As we make our way to the bottom--there's no real path, but we're both spry enough to handle it--Morrison fills in the blanks. Some time since their last field season at the site in 2005, someone illegally brought in construction equipment and dug out this giant pit, apparently to create a reservoir to capture runoff coming down the hill. This is, for Morrison, bitterly ironic, as she spent years studying Vijayanagara-period reservoirs south of the river. "I do think it is a little bit funny [but not funny ha-ha, methinks] that it's the building of a reservoir that's causing all these problems," she says. "I finished studying reservoirs and now they're coming back to haunt me." Locals say that the village council of nearby Anegondi authorized the project, even though the land is protected as part of the greater Vijayanagara area. One might expect that the reservoir was dug with the idea of extending rice paddies (just like on an adjacent terrace) across the archaeologically rich terrace, which would destroy any trace that people ever lived there.
And upon actually arriving at the bottom, I can see just how horrible this intrusion was. The pit is 90 feet long, 65 feet wide, and up to 15 feet deep. The spoils piles from the illegal digging, which sit around the pit in a sloppy ring, are as much ceramics as dirt. "I've never see so much Russet-Coated Painted Ware in one place," says Morrison, surveying the damage. The piles are gray with ash from domestic hearths and studded with large blocks from Medieval foundations. The illegal pit ripped through scores of cultural layers, indicating both how rich the archaeology of the river terrace is and how much there is to lose. "I haven't seen a lot of looting, so for me this is as bad as it gets," Morrison says.
Morrison has submitted reports urging the archaeological authorities to take some kind of action. In the meantime, she has two grad students and a couple of villagers trying to make the best of a bad situation. "The loss of information here is just sickening," she says. "But we are going to get a really beautiful profile." They're cleaning up one side of the pit to create straight vertical cuts, and then digging a little deeper below it to find the earliest archaeological layers. A simple glance at the clean, straight areas they have uncovered confirms how much was wasted when a bulldozer or backhoe came through . There are several thick domestic levels--roofing tiles, brick, ash, bones, countless pottery sherds, layers of plaster and burnt material--just sticking out of the wall. Just where the record ends on top of the hill, it begins down here, and they have found clear evidence of the social differentiation they are trying to track up top. The roof tiles, for example, were a sign of social distinction and wealth at the time. Further comparisons with the saddle should provide a clear record of how that social stratification evolved in early south Indian cities. This social, political, and economic record will be key to understanding the context in which the capital of the Vijayanagara Empire was established.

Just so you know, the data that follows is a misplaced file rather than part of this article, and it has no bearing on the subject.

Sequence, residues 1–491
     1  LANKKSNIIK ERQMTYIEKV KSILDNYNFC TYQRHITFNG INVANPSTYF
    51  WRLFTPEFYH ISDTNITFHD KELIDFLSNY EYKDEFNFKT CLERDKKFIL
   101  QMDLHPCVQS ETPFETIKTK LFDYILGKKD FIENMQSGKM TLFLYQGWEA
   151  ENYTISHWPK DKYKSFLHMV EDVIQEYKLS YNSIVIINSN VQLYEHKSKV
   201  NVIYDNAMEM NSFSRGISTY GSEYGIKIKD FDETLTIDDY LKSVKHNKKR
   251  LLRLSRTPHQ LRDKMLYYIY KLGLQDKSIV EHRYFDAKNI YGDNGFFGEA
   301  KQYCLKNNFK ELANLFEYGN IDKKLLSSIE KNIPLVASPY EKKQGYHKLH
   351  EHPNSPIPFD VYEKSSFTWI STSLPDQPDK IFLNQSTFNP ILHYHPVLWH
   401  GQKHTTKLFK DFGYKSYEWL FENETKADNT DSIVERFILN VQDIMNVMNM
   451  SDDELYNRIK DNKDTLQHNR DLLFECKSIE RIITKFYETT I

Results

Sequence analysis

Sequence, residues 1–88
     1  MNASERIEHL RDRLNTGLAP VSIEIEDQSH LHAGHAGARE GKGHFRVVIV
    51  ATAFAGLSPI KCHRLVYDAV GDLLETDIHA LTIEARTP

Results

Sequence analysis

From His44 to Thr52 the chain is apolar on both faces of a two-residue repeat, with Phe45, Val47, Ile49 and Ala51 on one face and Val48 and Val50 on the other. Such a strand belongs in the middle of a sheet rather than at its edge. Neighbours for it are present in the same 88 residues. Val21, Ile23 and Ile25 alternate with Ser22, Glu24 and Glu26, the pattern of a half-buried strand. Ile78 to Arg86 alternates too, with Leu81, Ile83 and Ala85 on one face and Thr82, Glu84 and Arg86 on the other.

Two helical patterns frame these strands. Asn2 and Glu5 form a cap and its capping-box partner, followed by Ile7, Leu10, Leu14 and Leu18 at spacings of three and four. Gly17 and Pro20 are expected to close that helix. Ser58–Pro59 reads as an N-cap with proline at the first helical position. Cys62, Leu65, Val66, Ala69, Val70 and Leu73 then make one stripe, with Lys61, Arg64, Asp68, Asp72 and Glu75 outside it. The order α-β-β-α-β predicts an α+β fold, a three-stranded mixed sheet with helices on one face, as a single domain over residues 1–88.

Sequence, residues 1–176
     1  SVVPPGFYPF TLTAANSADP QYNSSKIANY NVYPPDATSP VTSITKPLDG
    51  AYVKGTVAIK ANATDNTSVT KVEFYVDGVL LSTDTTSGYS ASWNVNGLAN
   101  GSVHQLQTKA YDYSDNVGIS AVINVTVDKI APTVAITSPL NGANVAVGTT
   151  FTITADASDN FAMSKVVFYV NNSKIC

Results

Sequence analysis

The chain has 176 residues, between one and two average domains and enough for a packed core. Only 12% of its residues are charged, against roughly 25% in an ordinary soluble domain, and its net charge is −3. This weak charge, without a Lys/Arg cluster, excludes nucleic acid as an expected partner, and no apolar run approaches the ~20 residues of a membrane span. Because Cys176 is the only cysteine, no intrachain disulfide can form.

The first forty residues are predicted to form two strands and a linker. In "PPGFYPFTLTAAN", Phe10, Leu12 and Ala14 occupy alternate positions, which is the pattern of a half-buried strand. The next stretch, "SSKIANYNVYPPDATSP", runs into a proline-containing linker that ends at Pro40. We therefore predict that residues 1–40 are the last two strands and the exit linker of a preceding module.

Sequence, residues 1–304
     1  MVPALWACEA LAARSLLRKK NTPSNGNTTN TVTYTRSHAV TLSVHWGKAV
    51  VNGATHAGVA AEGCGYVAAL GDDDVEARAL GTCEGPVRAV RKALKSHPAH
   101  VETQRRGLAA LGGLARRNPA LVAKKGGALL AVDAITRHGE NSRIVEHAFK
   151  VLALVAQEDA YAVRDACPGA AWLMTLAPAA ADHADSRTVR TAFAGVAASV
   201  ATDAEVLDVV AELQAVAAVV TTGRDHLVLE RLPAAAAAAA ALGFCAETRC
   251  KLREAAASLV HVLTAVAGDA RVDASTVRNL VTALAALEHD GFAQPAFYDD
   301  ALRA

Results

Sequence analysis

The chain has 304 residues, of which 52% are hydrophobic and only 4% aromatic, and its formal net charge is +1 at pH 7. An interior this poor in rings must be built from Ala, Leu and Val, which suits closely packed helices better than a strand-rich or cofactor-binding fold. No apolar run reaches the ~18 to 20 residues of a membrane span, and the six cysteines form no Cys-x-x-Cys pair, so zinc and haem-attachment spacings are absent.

The entire site is a vast repository of the area's history that represents an unbroken chain of settlement and daily life stretching back around 2,500 years before Vijayanagara. What's already been lost here is astounding, but Morrison and her team will get some information from it that will demonstrate just how rich, complex, and worth protecting the area is.
According to Morrison, this is one of the earliest large towns in the region, or largest early towns, depending on which superlative one prefers. It is huge, deep, and, with one obvious exception, largely untouched, with superb preservation of plant and animal remains. It will tell Morrison and Sinopoli the story of the rise of urbanism in south India, a subject about which little was known until now. "It could be one of those sites, like in the Near East or Egypt, where generations continue to excavate," Morrison says. Scanning out across the river terrace from one of the illegal spoil piles, I can see her point. If the entire terrace has this depth and complexity, Kadabakele could represent the work of several lifetimes.
Samir S. Patel is a senior editor at ARCHAEOLOGY.